Welcome to UChicago PCCM Research!
Research defining the mechanisms, diagnosis, and treatment of lung disease and critical illness is a central mission of our group. This research is conducted in our clinical facilities as well as our basic research laboratories. Investigators are actively engaged in studying lung biology and cellular function related to critical illness, using techniques of cell and molecular biology, immunology, and genetics. Large and innovative clinical studies are also in place, with questions related to diagnosis and management of diverse diseases answered by accomplished clinical scientists observing individual patients and patient populations.
The strength of our research enterprise derives from the high degree of collaboration between basic and clinical scientists, and the joining of faculty and research associates with diverse training, expertise, and interests. The PhD, MD, and MD-PhD investigators in our group sustain this multi-faceted and dynamic approach to biomedical research. The essence of this activity is to ask important questions, and to answer them with whatever means are necessary—often employing the means of both clinical and basic science. The flow of ideas and findings is from bedside to bench and back, with each discovery adding to new questions requiring creative approaches to answer them. This exciting atmosphere provides abundant learning opportunities for students at every level of training, and we have successfully incorporated college, medical, and graduate students; post-doctoral scientists; residents; and fellows in our many programs.
1Graduate Program in Biophysical Sciences, The University of Chicago, Chicago, IL 60637, USA
2Department of Medicine, Biological Sciences Division, The University of Chicago, Chicago, IL 60637, USA
3Pritzker School of Molecular Engineering, The University of Chicago, Chicago, IL 60637, USA
4These authors contributed equally
Heterogeneous metabolism supports critical single-cell functions. Here, we describe deep-learning-enabled image analyses of a genetically encoded lactate-sensing probe which can accurately quantify metabolite levels and glycolytic rates at the single-cell level. Multiple strategies and test data have been included to obviate possible obstacles including successful sensor expression and accurate segmentation. This protocol reliably discriminates between metabolically diverse subpopulations which can be used to directly link metabolism to functional phenotypes by integrating spatiotemporal information, genetic or pharmacological perturbations, and real-time metabolic states.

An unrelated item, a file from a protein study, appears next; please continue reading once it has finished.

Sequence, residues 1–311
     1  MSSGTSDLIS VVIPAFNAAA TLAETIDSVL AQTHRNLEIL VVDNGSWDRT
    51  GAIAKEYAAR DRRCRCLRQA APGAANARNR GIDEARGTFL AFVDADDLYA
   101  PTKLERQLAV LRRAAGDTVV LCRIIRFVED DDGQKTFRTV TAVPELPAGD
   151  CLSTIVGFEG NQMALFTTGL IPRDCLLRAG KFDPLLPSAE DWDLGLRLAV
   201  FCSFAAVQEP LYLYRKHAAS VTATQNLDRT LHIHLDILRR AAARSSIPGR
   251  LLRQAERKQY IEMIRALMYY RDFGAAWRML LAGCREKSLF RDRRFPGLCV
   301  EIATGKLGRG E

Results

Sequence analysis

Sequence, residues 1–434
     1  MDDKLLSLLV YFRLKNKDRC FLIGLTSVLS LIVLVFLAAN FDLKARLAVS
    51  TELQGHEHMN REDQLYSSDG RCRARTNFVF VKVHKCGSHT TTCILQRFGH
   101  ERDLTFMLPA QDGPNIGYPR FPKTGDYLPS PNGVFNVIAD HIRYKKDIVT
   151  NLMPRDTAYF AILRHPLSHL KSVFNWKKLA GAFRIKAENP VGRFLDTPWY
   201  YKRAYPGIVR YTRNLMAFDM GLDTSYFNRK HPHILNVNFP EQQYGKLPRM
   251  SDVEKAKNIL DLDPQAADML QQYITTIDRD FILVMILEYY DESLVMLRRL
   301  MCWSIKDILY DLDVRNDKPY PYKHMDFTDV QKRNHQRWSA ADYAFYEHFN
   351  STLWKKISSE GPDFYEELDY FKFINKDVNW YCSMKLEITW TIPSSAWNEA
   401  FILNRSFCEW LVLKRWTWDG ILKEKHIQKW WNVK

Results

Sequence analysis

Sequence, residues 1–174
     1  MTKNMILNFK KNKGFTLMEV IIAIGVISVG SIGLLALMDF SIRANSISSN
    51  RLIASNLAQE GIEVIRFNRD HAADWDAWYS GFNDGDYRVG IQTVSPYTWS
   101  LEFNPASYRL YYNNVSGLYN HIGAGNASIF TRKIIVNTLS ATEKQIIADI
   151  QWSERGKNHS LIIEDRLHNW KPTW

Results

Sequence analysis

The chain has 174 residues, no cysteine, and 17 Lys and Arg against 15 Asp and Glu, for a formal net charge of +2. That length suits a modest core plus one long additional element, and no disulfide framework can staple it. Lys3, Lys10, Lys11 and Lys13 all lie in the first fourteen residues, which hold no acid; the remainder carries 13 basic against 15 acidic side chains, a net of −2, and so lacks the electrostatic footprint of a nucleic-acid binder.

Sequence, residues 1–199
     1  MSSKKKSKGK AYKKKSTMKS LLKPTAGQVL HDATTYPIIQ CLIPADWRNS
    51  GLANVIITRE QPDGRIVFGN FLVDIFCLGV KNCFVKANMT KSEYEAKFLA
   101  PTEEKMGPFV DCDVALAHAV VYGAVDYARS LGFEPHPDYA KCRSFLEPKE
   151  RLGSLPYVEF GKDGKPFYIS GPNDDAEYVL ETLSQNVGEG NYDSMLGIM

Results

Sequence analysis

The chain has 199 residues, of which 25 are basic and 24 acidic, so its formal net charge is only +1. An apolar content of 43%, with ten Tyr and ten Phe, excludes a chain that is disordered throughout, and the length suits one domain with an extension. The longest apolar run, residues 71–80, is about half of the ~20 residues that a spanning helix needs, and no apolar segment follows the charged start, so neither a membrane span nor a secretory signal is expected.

Congratulations to Regul and company!
Rengul Cetin-Atalay, Angelo Y. Meliton, David Wu, Lucas M. Kimmig, Parker S. Woods, Robert B. Hamanaka, Ying-Jie Peng, Jayasri Nanduri, Nanduri Prabhakar, and Gökhan M. Mutlu. Intermittent hypoxia-induced activation of endothelial cells is mediated via sympathetic activation dependent catecholamine release. Accepted in Frontiers in Physiology. 2021.
Obstructive sleep apnea (OSA) is a common breathing disorder affecting a significant percentage of the adult population. OSA is an independent risk factor for cardiovascular disease (CVD); however, the underlying mechanisms are not completely understood. Since the severity of hypoxia correlates with some of the cardiovascular effects, intermittent hypoxia (IH) is thought to be one of the mechanisms by which OSA may cause CVD. Here, we investigated the effect of IH on endothelial cell (EC) activation, characterized by the expression of inflammatory genes, that is known to play an important role in the pathogenesis of CVD. Exposure of C57BL/6 mice to IH led to aortic EC activation, while in vitro exposure of ECs to IH failed to do so, suggesting that IH does not induce EC activation directly, but indirectly. One of the consequences of IH is activation of the sympathetic nervous system and catecholamine release. We found that exposure of mice to IH caused elevation of circulating levels of catecholamines. Inhibition of the IH-induced increase in catecholamines by pharmacologic inhibition or by adrenalectomy or carotid body ablation prevented the IH-induced EC activation in mice. Supporting a key role for catecholamines, epinephrine alone was sufficient to cause EC activation in vivo and in vitro. Together, these results suggested that IH does not directly induce EC activation, but does so indirectly via release of catecholamines. These results suggest that targeting IH-induced sympathetic nerve activity and catecholamine release may be a potential therapeutic target to attenuate the CV effects of OSA.